Breitbart News has learned that former FBI Director James Comey’s testimony on Capitol Hill on Wednesday may have shed new light on the FBI’s decision to release a dossier on President Trump.
The FBI has long been accused of covering up a number of incidents related to its investigation of Trump and his campaign.
Comey told Congress that the dossier was part of an effort to undermine his administration.
Trump has denied the allegations and has called the FBI a “hoax.”
Comey testified that the FBI had a right to release the dossier on July 7.
“The president has no reason to be embarrassed about that,” Comey said.
“That was my understanding at the time.”
But the FBI has said it only made the decision to declassify the dossier because it was “obviously inappropriate” for the bureau to release it.
Comey’s confirmation hearing was the first to include questions about the dossier and the controversy surrounding it.
On Wednesday, the Senate Judiciary Committee held a hearing on Comey’s firing.
The committee also heard from former FBI agents and former DOJ officials.
The panel’s chairman, Sen. Chuck Grassley (R-IA), said he believes the decision was influenced by Comey’s decision not to release any of the information the FBI provided to Congress during the probe of former national security adviser Michael Flynn.
Comey has long sought to have the information redacted from the report.
Grassley said the FBI “has no intention of releasing any information about that.”
He also questioned Comey’s use of the word “unusual.”
Grassley said he would consider declassifying information in the report “with or without the cooperation of the FBI.”
He said the release of the dossier would not alter any information in it that the committee had already obtained.
“I think the information would remain classified,” Grassley said.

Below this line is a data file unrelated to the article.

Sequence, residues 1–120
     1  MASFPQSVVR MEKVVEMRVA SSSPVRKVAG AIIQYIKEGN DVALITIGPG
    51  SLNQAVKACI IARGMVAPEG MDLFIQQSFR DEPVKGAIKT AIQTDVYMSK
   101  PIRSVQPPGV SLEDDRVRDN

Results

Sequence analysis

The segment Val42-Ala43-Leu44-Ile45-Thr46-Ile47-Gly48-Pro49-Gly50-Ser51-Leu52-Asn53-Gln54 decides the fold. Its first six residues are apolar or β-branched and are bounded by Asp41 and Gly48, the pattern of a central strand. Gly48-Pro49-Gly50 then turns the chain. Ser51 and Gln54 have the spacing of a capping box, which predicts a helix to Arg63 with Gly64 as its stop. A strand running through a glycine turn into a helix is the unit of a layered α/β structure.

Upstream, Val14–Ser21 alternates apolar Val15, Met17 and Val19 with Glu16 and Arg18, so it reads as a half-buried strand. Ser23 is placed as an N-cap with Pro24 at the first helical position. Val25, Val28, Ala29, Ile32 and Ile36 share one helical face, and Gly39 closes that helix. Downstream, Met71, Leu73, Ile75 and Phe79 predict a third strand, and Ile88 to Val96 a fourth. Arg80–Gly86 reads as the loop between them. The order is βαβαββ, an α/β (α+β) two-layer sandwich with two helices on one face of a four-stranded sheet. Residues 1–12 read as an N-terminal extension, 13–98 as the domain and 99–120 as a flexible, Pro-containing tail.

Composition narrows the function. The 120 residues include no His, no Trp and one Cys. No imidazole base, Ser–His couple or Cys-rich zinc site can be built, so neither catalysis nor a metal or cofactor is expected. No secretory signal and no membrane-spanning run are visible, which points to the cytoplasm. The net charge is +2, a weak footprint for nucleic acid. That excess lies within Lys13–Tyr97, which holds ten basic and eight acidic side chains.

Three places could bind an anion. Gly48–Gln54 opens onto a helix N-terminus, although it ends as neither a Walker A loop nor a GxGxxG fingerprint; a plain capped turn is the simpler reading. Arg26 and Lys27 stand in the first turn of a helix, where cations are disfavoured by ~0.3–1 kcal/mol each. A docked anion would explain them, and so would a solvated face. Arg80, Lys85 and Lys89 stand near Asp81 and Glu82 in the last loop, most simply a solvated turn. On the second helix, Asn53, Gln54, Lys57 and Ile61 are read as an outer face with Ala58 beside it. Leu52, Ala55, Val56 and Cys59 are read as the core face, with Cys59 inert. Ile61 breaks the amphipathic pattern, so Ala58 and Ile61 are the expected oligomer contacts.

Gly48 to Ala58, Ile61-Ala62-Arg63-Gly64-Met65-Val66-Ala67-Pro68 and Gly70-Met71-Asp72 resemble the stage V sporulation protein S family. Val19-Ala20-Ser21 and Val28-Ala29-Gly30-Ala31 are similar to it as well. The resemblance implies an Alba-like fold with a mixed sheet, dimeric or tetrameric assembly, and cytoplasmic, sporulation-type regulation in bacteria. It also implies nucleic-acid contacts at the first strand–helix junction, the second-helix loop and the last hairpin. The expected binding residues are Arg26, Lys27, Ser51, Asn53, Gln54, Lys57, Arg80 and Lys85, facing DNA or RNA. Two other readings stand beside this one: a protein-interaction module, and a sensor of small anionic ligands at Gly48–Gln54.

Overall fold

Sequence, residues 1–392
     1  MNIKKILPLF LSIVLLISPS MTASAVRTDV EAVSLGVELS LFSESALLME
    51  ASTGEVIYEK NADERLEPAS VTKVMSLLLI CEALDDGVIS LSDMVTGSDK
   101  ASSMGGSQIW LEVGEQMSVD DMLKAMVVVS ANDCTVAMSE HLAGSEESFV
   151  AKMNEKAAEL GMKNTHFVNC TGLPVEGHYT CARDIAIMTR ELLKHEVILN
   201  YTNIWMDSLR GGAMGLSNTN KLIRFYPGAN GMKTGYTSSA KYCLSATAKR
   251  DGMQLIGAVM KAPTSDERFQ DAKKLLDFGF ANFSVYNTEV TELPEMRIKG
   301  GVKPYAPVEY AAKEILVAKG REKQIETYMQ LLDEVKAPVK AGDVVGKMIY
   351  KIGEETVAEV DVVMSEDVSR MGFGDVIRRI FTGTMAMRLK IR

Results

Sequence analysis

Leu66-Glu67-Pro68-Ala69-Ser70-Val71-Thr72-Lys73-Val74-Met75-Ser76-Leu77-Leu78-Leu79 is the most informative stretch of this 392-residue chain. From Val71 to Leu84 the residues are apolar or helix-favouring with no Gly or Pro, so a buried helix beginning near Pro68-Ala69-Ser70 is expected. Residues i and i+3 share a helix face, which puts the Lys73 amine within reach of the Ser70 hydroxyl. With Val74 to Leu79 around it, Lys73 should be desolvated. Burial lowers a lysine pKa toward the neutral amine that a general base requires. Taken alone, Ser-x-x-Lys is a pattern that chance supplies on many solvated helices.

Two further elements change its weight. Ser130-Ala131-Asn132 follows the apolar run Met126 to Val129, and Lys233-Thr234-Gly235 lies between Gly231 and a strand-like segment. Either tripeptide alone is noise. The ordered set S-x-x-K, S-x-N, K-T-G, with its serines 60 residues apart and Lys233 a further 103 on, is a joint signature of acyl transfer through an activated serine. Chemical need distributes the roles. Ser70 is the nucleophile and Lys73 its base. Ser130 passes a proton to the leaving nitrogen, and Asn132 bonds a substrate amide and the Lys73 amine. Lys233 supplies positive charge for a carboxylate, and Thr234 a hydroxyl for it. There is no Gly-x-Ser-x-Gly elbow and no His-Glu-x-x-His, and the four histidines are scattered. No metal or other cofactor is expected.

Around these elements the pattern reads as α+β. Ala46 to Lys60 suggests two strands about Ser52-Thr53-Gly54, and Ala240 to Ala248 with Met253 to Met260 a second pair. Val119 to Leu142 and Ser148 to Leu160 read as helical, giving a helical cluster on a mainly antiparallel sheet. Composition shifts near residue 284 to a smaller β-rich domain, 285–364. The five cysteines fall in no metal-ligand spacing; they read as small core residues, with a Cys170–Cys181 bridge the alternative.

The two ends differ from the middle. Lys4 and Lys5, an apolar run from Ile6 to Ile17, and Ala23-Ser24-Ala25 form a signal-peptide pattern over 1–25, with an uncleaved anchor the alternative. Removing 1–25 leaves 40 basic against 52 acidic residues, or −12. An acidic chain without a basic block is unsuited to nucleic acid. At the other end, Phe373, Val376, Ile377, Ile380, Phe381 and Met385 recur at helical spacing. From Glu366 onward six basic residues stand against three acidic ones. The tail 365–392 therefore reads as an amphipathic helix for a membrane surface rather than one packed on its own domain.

Grassley also said the committee “is confident that we have not found any significant criminal wrongdoing” by the bureau.
The hearing focused on the Justice Department’s decision last year to release documents from the FBI that had been requested by Congress.
The DOJ announced last summer that it would no longer release documents relating to the bureau’s investigation into former Trump campaign manager Paul Manafort and former national-security adviser Michael Short.
The documents had been previously requested by Senate Intelligence Committee Chair Sen. Ron Wyden (D-OR) and Sen. Dianne Feinstein (D, CA).
The documents were part of a series of Freedom of Information Act requests that the two senators had sent to the DOJ in July.
The two senators, along with Rep. Adam Schiff (D/CA), also wrote to Comey and Attorney General Jeff Sessions in August requesting the documents be released.
The memos, which were part-of the FBI dossier on Manafort and Short, were published by The Washington Post in July, prompting concerns that they may have been a way for the Trump campaign to blackmail or discredit the FBI.
Comey testified before the Senate Intelligence committee in April that the information in question was “unusually high level.”
Comey told the committee that he had asked the FBI for a copy of the memos before the release was announced and that he was not aware of anyone at the FBI who objected to them.
The memo released by the DOJ last summer, however, contained “uncharacteristic” language that made it appear as if the bureau was withholding information.
“It was a very unusual memo that came out,” Comey told Sen. John Cornyn (R, TX) and Rep. Ted Poe (R/TX) in an August 2016 hearing.
“There were people at the DOJ who thought that it was going to be a little different, but I don’t know how you can have a memo that was unusual in its terms of content and then not have the FBI explain why it was different.
So, there was some disagreement, and I think it was very unusual.”
Comey also said that the memos had not been declassified as part of the Justice department’s review of the matter.
He told the Senate committee that “in the interim, we had a lot of discussions about how to make sure that we didn’t inadvertently release classified information.”
Grassley told The Washington Times in June that he has “serious concerns” about the FBI releasing the memos in the context of its investigation into Flynn and the Trump transition team.
“We should not be releasing this information, and we should not have,” Grassley told the Times.
“What the public deserves is transparency, and what the public has been denied is transparency.”
Trump has consistently maintained that he never discussed sanctions with Russian President Vladimir Putin, and he did not disclose any sanctions to the Russians.
Comey also testified that he believed the FBI was “just as well protected” from retaliation from Russia as the American people were.
“When the president was fired, I think people got a sense that it wasn’t as secure as it could be,” Comey testified.
“In hindsight, I don [think] that was a bad thing.”